Ira J Marion

5 entries
  • "Ira was the walking and breathing definition of the Yiddish..."
    - Robert Lebnab
  • "Beautiful. Thank you Suzanne for the brief glimpse into why..."
    - Alexis Gadsden
  • "Sorry I could'nt be with Ira that last week. He was a gift..."
    - Seymour Camille
  • "Ira and I two English majors at C.C.N.Y who graduated in..."
    - Allen Stone
  • "A beautiful tribute Suzanne. Thank you for sharing."
    - David and Alanna
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1944 - 2013
Ira J. Marion, Hartsdale, NY, died January 7, 2013, at age 68, of pancreatic cancer. The professional and personal sides of Ira's life were inextricably connected. I write this piece to show both sides, and how much he was admired and loved and will be missed.

In his professional life, Ira worked tirelessly to improve substance abuse treatment services and became an important leader in the field. Working at Albert Einstein College of Medicine for over 40 years, his dogged persistence over half of those years turned a makeshift methadone clinic into Einstein's state-of-the-art Wellness Center at Waters Place; he presented the concepts of integrated treatment and patient-centered care that are demonstrated through this project at conferences, locally and internationally, leading the entire community of addiction professionals into the future.

Ira's writing, leadership and advocacy efforts have been acknowledged with many awards, including the NY State Governor's Lifetime Service Award. To read about his many important achievements, see:

Alcoholism and Drug Abuse Weekly's website, Click Here Click Here

In his personal life, Ira maintained close friendships from his boyhood days in the Bronx and many of his colleagues over the years became close friends as well. Taking calls at any time, including weekends, he advised and supported the efforts of others in every way he could. Ira's late wife, Barbara Housner Marion, and he were happily married for 35 years. He is survived by their children, Jordan Marion and Alison Harmon; grandchildren Sydney and Taylor Harmon; and sister, Dorothy Marion. For more about family, and pictures, see the online tribute his son created at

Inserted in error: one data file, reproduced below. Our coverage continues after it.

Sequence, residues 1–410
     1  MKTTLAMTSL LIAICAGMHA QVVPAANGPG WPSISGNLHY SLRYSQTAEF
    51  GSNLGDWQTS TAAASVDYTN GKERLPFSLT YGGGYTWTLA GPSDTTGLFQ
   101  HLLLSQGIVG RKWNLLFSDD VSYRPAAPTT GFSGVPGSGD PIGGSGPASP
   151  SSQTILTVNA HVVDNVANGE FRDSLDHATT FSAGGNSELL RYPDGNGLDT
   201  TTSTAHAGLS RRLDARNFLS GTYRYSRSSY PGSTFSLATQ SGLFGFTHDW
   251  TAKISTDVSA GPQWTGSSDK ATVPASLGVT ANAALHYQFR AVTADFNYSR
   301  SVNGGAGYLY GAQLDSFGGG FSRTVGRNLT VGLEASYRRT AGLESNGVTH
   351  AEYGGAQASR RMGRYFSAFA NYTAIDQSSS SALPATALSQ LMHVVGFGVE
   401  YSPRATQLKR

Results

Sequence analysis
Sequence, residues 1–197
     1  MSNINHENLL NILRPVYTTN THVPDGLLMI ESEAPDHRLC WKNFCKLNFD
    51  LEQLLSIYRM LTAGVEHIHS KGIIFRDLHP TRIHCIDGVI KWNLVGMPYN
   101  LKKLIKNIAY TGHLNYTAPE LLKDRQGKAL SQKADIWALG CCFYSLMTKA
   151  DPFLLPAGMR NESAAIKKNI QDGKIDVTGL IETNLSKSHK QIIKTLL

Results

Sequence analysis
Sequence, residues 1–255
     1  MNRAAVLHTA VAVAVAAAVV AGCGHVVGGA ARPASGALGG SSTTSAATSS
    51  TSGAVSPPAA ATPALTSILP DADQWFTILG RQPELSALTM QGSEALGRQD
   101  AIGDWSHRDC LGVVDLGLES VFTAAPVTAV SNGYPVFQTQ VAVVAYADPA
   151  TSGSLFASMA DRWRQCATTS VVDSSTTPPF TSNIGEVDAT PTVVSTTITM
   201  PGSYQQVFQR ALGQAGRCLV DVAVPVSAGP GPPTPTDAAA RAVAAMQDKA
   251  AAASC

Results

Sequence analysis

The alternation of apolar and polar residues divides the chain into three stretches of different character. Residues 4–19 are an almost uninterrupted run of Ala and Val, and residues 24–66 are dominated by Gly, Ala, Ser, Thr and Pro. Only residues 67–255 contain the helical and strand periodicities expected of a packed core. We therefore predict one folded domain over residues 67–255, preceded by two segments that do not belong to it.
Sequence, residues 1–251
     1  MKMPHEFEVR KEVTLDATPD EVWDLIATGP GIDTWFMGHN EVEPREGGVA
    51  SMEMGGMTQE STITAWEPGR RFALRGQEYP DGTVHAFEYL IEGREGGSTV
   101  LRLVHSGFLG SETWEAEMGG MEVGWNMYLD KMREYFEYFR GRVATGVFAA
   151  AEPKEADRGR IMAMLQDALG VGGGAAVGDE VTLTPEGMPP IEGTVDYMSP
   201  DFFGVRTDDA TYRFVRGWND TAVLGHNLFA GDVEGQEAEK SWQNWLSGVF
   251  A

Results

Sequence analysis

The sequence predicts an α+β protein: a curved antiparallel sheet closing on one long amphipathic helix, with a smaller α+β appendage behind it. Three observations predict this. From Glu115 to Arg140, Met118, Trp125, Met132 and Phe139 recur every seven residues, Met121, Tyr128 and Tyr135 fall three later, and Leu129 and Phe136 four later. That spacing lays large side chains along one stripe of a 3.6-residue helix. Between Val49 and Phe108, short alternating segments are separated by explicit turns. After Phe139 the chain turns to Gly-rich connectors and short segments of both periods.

Ira was special to so many people. His boyish enthusiasm was irresistible. He admittedly "chatted up" everyone he could… at work, in stores, strangers on the street… and charmed them all. His energy was boundless. He loved music, golf, James Joyce, palindromes, cars, gadgets, travel, the NY Times, fine clothing... He lit up any room, with a sense of humor that was often irreverent, but always respectful, a grin that was easy and infectious, and a deep love for his work and the people in his life.

The world is a better place because of Ira. We can support his life's work with donations to NY State Association of Alcoholism and Substance Abuse Providers, 1 Columbia Place, Suite 400, Albany, NY 12207. More importantly, when we stand up against the stigma many in drug treatment face, we will strengthen his legacy. And when we work to be as good as the person he saw in us, we will give back the love he had for us. A memorial is being planned at Einstein (tentatively scheduled 3/27).

I called my time with Ira our "after ever after" life. We both had lived "happily ever after," raised our families, and lost our spouses much too soon, to cancer. What happened "after ever after" was to find joy again and dream of growing old together. He will live on in my heart forever.

Suzanne Hall-Westcott
Published on from Jan. 29 to Jan. 30, 2013